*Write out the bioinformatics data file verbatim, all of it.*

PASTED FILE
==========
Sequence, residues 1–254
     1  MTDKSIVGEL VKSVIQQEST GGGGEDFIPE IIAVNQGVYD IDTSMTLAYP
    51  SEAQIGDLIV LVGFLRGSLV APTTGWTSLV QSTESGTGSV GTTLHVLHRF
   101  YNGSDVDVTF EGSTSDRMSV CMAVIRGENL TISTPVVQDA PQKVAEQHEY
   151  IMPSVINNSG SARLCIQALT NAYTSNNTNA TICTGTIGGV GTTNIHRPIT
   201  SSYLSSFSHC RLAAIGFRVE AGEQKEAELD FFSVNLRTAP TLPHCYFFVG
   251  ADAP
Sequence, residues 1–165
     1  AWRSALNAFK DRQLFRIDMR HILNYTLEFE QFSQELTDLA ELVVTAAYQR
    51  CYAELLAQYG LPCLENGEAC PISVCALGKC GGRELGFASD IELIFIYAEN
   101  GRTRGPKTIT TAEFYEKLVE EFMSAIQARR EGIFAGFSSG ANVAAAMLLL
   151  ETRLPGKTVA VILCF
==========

Sequence, residues 1–254
     1  MTDKSIVGEL VKSVIQQEST GGGGEDFIPE IIAVNQGVYD IDTSMTLAYP
    51  SEAQIGDLIV LVGFLRGSLV APTTGWTSLV QSTESGTGSV GTTLHVLHRF
   101  YNGSDVDVTF EGSTSDRMSV CMAVIRGENL TISTPVVQDA PQKVAEQHEY
   151  IMPSVINNSG SARLCIQALT NAYTSNNTNA TICTGTIGGV GTTNIHRPIT
   201  SSYLSSFSHC RLAAIGFRVE AGEQKEAELD FFSVNLRTAP TLPHCYFFVG
   251  ADAP
Sequence, residues 1–165
     1  AWRSALNAFK DRQLFRIDMR HILNYTLEFE QFSQELTDLA ELVVTAAYQR
    51  CYAELLAQYG LPCLENGEAC PISVCALGKC GGRELGFASD IELIFIYAEN
   101  GRTRGPKTIT TAEFYEKLVE EFMSAIQARR EGIFAGFSSG ANVAAAMLLL
   151  ETRLPGKTVA VILCF